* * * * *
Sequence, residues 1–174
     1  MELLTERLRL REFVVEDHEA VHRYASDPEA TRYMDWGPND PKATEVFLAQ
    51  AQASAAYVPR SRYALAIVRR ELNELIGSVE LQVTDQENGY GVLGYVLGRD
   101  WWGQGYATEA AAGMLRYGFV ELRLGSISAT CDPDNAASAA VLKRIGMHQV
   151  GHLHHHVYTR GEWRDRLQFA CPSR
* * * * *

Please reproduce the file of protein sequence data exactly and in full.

Sequence, residues 1–174
     1  MELLTERLRL REFVVEDHEA VHRYASDPEA TRYMDWGPND PKATEVFLAQ
    51  AQASAAYVPR SRYALAIVRR ELNELIGSVE LQVTDQENGY GVLGYVLGRD
   101  WWGQGYATEA AAGMLRYGFV ELRLGSISAT CDPDNAASAA VLKRIGMHQV
   151  GHLHHHVYTR GEWRDRLQFA CPSR